Joseph L. Bruno, a Rensselaer County Republican who rose from poverty to a pinnacle of power as the New York State Senate majority leader, but fell from grace when he spent a decade fighting corruptions charges of which he was ultimately acquitted, died late Tuesday October 6 2020 at his home in Brunswick, N.Y. He was 91.
A Korean War veteran, regimental boxer and millionaire businessman, Mr. Bruno was a state senator for nearly 32 years, from 1977 to 2008, and majority leader during his last 13 years in office. Near the end of his tenure, he doubled as acting lieutenant governor for three months after Gov. Eliot Spitzer resigned in a sex scandal and was succeeded by Lt. Gov. David A. Paterson.
In December 2009, he was convicted in Albany federal court of two counts of fraud for concealing $280,000 in payments from Jared E. Abbruzzese, a capital-area entrepreneur who had sought his help for various ventures, including a nanotechnology company.
Mr. Bruno was acquitted on five other counts, and the jury could not reach a verdict on a sixth. Mr. Bruno, who did not testify but insisted that he had done nothing wrong, was sentenced to two years in prison. A month later, the United States Supreme Court, in an unrelated case, whittled down the law under which he was convicted, saying it could not be used to prosecute defendants for hiding conflicts of interest, although the court left open the possibility of cases based on kickbacks or bribery. Prosecutors conceded that Mr. Bruno’s conviction might not stand, but insisted that a retrial was justified, citing evidence that he took kickbacks.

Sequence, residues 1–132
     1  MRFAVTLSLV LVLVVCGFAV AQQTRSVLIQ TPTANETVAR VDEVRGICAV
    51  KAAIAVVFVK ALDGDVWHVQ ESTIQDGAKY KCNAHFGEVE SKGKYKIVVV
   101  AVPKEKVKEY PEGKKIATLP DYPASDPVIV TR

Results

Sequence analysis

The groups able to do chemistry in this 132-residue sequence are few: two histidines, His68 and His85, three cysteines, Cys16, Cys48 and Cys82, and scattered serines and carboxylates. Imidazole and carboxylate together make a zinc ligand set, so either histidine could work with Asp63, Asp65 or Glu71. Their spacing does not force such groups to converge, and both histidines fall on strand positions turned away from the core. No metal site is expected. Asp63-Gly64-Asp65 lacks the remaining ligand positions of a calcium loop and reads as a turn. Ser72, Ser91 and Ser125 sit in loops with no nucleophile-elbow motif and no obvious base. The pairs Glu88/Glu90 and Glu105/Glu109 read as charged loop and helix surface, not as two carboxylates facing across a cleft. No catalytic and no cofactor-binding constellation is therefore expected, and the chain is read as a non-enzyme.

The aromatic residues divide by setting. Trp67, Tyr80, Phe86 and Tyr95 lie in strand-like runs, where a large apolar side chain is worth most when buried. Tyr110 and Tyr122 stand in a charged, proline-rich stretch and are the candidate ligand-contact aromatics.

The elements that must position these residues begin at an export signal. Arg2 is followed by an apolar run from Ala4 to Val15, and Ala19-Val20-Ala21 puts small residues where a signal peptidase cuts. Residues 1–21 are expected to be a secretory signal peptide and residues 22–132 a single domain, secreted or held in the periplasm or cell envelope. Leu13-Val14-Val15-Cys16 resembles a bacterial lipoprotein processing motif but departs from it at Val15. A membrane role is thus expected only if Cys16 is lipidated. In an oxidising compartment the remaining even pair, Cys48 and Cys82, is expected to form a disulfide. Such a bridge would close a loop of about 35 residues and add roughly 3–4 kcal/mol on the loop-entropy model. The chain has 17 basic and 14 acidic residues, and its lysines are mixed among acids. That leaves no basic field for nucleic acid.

Mr. Bruno’s lawyers appealed to overturn the conviction and bar any retrial. They said the original case had focused squarely on nondisclosure, as opposed to kickbacks or bribery. In November 2011, the U.S. Court of Appeals for the Second Circuit in New York overturned Mr. Bruno’s conviction but rejected his request to bar a retrial.
Prosecutors in Albany obtained a new indictment in May 2012, accusing Mr. Bruno of taking $440,000 in bribes and kickbacks disguised as $360,000 in consulting fees, and $80,000 for a worthless racehorse. Mr. Bruno pleaded not guilty and was released in his own recognizance. In May 2014, a federal court in Albany found him not guilty of fraud charges,
Joseph Louis Bruno was born on April 8, 1929, in Glens Falls, one of eight children of Vitaliano and Catherine (Ricciardelli) Bruno. His father was an Italian immigrant laborer who never learned to read English. In 1951, he married Barbara Frasier. The couple had four children, who survive him: Joseph, Susan, Kenneth and Catherine. Mrs. Bruno died in 2008.
Mr. Bruno is also survived by Kay Thompson, his longtime partner; five siblings, Florence, Arthur, Anthony, Robert and Vito Bruno; seven grandchildren; and one great-grandchild.